Published October 10, 2002
WASHINGTON – Microscopic clues on a bullet fragment or a shell casing recovered from a victim or at a crime scene provide crucial information for investigators trying to catch a clandestine shooter.
Ballistics analysis by the Treasury Department's Bureau of Alcohol, Tobacco and Firearms is a key part of the investigation into the sniper attacks that have terrorized the Washington area. On Tuesday, Attorney General John Ashcroft underscored the federal role, pledging that the Justice Department would also do "everything we can to solve this."
Though ATF officials have not discussed the sniper case specifically, firearms examiners working out of an ATF lab in Rockville, Md., are on the front lines of unraveling clues that are left behind -- microscopic scratches and dents -- on the bullets, their fragments or cartridge casings. This information can help investigators determine what type and make of firearm fired the bullet.
"Every firearm has individual characteristics that are as unique to it as fingerprints are to human beings," says an ATF report on bullet tracing.
Grooves inside the barrel of a gun help a bullet travel with precision. When a bullet is fired, these grooves and other unique characteristics are imprinted on the bullet as it travels through the barrel. When a bullet or bullet fragment is recovered from a crime, it is examined to see if a pattern of grooves and "lands" -- which refers to the distance between the grooves ---- can pinpoint the type of firearm that was used. Examiners also weigh the bullet or bullet fragments to try to identify the caliber and type of firearm.
Bullet casings also can have distinctive markings created by the gun's firing pin, ejector and the breech mechanism ---- the place where the bullet sits in the barrel of the gun. Sometimes a fragment can be too small, or shattered, making any markings all but impossible to divine, ATF officials said.
Digital images of the bullet or bullet casing are stored in ATF's National Integrated Ballistic Information Network, a computer database that contains images of casings or bullets from crime scenes, as well as casings or bullets from test firings of weapons used in crimes.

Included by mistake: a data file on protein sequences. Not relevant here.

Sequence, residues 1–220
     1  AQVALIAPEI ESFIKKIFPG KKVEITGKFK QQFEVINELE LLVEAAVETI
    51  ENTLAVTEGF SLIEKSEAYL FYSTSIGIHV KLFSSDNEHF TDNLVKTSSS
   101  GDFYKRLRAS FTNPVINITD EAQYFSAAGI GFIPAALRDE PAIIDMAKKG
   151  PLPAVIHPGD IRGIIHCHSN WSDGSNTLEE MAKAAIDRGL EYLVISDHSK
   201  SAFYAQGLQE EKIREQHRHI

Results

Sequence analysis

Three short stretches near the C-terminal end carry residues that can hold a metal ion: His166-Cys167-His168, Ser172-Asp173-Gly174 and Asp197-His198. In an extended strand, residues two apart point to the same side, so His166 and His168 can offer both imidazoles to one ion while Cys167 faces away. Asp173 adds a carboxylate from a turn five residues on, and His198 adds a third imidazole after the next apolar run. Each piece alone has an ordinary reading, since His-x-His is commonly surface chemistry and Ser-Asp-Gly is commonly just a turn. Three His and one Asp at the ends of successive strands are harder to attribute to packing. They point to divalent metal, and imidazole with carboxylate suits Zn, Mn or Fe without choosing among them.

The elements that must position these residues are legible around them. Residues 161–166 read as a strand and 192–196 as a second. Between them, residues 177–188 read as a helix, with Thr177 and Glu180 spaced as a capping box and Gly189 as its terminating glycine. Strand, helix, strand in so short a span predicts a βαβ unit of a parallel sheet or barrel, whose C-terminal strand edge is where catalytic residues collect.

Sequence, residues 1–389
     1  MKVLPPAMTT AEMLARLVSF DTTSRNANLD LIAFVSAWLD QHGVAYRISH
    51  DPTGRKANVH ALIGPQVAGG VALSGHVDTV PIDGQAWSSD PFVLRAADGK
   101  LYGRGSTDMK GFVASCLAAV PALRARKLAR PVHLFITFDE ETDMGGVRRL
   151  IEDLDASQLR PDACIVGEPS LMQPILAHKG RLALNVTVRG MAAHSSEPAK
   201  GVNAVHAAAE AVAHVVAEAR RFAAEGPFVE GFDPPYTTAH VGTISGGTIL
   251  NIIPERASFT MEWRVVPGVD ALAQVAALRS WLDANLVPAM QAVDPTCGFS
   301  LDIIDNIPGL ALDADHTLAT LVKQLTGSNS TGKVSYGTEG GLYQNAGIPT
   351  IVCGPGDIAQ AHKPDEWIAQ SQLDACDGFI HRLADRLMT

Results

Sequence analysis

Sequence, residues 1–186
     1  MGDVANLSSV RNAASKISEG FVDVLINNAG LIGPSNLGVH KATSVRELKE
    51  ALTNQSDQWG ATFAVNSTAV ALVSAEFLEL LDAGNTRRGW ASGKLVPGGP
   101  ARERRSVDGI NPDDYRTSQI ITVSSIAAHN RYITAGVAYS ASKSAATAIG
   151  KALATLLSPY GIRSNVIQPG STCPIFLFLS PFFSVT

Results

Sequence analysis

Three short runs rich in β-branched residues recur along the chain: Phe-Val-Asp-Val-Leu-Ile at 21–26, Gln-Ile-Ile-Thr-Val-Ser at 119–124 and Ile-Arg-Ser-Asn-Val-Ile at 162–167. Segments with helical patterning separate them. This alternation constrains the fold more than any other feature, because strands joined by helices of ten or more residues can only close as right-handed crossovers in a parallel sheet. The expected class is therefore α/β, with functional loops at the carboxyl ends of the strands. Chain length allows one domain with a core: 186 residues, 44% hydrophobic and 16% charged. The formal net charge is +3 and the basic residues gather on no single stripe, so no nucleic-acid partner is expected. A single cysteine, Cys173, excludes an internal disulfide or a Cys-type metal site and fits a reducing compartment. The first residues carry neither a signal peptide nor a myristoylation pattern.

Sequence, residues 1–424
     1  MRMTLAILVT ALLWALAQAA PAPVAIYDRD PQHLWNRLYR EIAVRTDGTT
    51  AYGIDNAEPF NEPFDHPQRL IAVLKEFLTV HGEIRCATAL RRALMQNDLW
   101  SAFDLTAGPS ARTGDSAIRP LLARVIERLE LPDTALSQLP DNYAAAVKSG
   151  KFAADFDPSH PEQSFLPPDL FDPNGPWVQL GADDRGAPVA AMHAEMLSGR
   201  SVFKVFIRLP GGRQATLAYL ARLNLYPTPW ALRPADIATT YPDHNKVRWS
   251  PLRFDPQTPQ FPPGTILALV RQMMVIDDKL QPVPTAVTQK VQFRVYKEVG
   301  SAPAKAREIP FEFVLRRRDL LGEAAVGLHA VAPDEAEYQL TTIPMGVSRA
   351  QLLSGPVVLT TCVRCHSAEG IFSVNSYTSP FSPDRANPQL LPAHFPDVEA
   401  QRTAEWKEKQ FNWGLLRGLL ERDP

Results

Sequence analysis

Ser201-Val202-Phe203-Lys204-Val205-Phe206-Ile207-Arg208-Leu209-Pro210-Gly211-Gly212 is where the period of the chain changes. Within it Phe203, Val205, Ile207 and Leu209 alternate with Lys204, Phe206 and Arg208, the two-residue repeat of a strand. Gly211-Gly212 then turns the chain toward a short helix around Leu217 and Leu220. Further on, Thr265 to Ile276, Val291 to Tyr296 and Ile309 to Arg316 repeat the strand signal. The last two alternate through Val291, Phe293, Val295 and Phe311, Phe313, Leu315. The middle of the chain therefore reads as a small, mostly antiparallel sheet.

The database allows investigators to link crimes by comparing bullets and cartridge casings found at one crime scene with those found at another. When a likely match is found, firearms examiners "repeat the comparison with the actual evidence to confirm the match," according to an ATF report on the system.
In the Washington-area sniper attacks, police acknowledge having few clues or eyewitness accounts to solve one of the most frightening serial killings in the region's memory. A task force including local and state police, the FBI and the Secret Service is pursuing the sniper.
On Tuesday, Ashcroft telephoned Montgomery County, Md., Police Chief Charles Moose, thanking Moose for a letter requesting Justice Department assistance, saying, "We want to make sure we are doing everything we can to solve this."
Since last Wednesday, the sniper has shot eight people, killing six. Police have discerned no pattern among the victims. One died on a Washington street, the others within five miles of each other in Maryland's Montgomery County. In the latest attack, a 13-year old boy was shot Monday as his aunt dropped him off at his school in Maryland's Prince George's County.
Ballistics tests found the bullet that struck the teen was identical to those that killed some of the others and wounded a woman in Virginia, said Joe Riehl, an ATF agent. All victims were hit by a single bullet fired from a distance. Police have spoken of a single sniper, but have not ruled out the possibility that more than one person is involved.